Love the praise heaped on Michael Kitchen in filmycks.com’s review of Caught on a Train:
The two leads turn in powerhouse performances, possibly the finest of their respective careers. Ashcroft may have been the flashier but for Kitchen to craft such a complex creation as Peter out of rather simple material, marked him as one of the finest actors of his generation. Notoriously media-shy he has spent most of his career within television and exemplary as his work has been, his relative absence from the big screen is certainly cinema’s loss. To get a sense of his talent, one only has to view a brief moment within a single scene in Caught on a Train. After Peter’s initial meeting with Messner, she plays upon her age and frailty and asks if he will go and buy some magazines from a vendor. It will mean leaving the train (which is still stationary at Ostend) and Peter has no intention of doing so. Consequently, he begins to equivocate and invent various excuses as to why he shouldn’t. Messner bats each of these away (‘It is only a short distance, you won’t even have to run’) and when it looks like he will have no choice but to acquiesce, a station guard’s whistle is heard. Peter believes he is saved from the task because the whistle indicates the train is about to leave. However, just before he can inform Messner another passenger states that the whistle isn’t for their train much to the chagrin of Peter. The moment lasts barely a second and yet within this screen-time Kitchen displays relief, then triumph, then fury. The complexity and skill in conveying so much in an instant, reveals a major talent at work.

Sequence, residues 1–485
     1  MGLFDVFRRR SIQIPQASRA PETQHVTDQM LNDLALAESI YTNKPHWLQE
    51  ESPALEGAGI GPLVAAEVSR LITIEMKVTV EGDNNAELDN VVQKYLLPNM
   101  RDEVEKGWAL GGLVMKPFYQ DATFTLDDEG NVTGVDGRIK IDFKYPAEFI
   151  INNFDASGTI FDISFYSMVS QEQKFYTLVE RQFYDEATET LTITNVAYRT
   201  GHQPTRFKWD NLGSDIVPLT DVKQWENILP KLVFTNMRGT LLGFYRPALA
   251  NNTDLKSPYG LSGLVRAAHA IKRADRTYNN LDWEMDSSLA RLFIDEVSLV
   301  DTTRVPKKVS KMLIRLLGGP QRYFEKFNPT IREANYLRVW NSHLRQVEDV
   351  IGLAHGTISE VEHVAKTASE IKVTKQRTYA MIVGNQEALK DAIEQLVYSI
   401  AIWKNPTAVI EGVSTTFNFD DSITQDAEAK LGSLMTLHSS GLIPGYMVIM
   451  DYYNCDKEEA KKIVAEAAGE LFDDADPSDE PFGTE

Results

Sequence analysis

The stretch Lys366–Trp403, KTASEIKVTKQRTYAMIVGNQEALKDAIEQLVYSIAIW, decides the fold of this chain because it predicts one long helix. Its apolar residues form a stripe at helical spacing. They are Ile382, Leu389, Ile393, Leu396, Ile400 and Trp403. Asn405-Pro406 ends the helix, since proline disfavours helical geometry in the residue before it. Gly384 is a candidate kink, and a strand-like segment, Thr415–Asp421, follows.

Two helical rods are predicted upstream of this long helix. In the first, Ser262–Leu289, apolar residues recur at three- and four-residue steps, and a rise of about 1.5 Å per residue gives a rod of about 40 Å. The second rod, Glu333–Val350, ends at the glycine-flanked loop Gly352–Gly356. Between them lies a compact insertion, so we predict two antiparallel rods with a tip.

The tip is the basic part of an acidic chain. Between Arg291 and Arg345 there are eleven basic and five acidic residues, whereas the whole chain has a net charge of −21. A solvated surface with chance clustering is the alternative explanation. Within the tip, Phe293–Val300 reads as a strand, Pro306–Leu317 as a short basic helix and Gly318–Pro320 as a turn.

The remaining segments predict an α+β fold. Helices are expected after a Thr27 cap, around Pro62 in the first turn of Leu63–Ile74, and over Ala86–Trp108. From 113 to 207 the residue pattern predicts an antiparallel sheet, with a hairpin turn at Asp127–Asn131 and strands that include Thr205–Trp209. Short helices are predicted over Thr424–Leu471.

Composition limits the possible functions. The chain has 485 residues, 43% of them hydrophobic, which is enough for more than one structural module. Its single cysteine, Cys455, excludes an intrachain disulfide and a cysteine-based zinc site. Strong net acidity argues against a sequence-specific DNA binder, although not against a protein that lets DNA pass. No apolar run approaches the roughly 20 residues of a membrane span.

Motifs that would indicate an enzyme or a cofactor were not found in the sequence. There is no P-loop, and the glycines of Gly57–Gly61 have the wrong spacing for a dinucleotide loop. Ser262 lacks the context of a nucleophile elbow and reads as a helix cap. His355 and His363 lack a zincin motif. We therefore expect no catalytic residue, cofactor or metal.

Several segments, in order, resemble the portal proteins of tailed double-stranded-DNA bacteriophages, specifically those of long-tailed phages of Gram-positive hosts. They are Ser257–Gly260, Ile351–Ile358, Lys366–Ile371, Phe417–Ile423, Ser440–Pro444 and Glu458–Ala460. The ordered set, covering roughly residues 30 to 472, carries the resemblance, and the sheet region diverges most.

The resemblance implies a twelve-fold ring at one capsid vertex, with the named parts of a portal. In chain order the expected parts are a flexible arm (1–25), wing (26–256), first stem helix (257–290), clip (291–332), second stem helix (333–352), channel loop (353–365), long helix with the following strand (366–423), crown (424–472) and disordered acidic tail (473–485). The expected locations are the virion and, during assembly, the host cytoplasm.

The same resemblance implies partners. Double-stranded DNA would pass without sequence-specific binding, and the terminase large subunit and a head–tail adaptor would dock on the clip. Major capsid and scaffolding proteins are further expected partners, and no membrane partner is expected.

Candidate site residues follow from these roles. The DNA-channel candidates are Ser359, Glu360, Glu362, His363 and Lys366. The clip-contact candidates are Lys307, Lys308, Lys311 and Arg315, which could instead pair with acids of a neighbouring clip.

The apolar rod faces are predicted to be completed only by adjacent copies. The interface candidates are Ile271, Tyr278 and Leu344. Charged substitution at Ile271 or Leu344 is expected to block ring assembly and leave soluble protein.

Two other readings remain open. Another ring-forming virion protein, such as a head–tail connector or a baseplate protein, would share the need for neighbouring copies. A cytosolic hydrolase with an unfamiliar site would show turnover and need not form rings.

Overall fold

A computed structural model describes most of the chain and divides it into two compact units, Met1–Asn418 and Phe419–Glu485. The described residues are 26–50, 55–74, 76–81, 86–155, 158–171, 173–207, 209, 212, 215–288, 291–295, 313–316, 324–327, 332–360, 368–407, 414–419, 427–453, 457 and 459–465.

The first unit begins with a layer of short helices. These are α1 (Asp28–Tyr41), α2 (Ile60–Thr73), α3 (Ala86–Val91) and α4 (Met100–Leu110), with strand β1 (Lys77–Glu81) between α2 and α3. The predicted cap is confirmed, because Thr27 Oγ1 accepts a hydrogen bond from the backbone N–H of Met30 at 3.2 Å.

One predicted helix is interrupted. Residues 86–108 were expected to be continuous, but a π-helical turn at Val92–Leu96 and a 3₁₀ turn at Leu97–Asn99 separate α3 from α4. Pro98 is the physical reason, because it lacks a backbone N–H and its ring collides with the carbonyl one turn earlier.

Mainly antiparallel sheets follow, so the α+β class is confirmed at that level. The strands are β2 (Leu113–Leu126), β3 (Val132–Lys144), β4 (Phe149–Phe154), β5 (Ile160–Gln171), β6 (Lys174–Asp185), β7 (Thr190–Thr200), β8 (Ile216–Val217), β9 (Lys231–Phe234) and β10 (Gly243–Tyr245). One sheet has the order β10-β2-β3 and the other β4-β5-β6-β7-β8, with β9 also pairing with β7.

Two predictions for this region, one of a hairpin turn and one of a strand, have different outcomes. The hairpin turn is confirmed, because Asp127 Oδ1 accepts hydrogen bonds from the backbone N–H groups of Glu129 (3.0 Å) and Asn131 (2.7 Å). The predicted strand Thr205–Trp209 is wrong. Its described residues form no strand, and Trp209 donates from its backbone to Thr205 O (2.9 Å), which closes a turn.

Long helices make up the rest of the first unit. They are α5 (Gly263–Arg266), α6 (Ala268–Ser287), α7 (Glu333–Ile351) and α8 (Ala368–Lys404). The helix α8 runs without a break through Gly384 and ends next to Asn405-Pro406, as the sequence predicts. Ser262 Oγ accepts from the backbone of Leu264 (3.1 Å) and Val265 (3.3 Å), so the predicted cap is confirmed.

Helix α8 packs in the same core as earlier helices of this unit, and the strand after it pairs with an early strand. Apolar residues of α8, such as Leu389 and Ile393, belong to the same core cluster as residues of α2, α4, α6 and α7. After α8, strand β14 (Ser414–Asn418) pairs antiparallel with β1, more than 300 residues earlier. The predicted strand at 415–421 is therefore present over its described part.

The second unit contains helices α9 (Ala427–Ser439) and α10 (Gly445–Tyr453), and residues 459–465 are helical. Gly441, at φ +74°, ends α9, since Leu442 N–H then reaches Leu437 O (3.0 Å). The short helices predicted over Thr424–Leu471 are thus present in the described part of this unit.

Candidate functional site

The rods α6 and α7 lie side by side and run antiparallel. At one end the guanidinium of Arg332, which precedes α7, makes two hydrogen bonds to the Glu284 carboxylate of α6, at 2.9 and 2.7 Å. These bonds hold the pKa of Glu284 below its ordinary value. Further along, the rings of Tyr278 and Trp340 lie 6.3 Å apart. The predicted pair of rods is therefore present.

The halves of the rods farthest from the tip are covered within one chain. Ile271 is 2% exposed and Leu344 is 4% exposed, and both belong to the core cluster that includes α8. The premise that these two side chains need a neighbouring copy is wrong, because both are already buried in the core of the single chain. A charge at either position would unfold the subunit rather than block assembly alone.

His facial expressions in the last two frames are pretty terrific as well.
The moving last scene in which Peter ultimately feels a connection to Frau Messner despite her being worlds apart from him and, as he puts it, “a member of a nearly extinct species.” She may be the biggest pain in the neck he has ever met, but he is inexplicably drawn to her and will not soon forget their chance encounter.
The last scene, where he’s looking at her with a smile on his face, then the smile magically, impeccably fades is one of the most amazing things I’ve ever seen on film. I’ve watched it over and over, it’s seamless.
From the London Times, Oct. 31,1980:
At one level, the essential one I think, Stephen Poliakoff’s play Caught on a Train (BBC2, 9:30) is a study in domination: ageing Viennese lady, autocratic and irritating, turns young British publishing public relations man into a reluctant lackey during a troubled train journey from Ostende to West Germany. The two roles are splendidly played by Peggy Ashcroft, sporting an impeccable foreign accent, and Michael Kitchen who executes an infinite number of variations on the theme of distaste. Theirs is an unsatisfactory relationship, but such is Mr. Poliakoff’s ingenuity in setting it against a background of lovelessness and violence, that it gradually develops into something which remotely resembles affection.
(Image: Radio Times, Jan. 18, 1981)
Speaking of celebrated writers I personally don’t get, here’s an audio clip from the Harold Pinter radio play, Family Voices (1981), that reunited Michael Kitchen and Peggy Ashcroft just a year after their wonderful collaboration in Caught on a Train. MK’s character describes in letters to his mother his bizarre experiences living in a rooming house, including having tea with a girl who juggles a stray bread bun between her toes while her feet are in his lap. 😕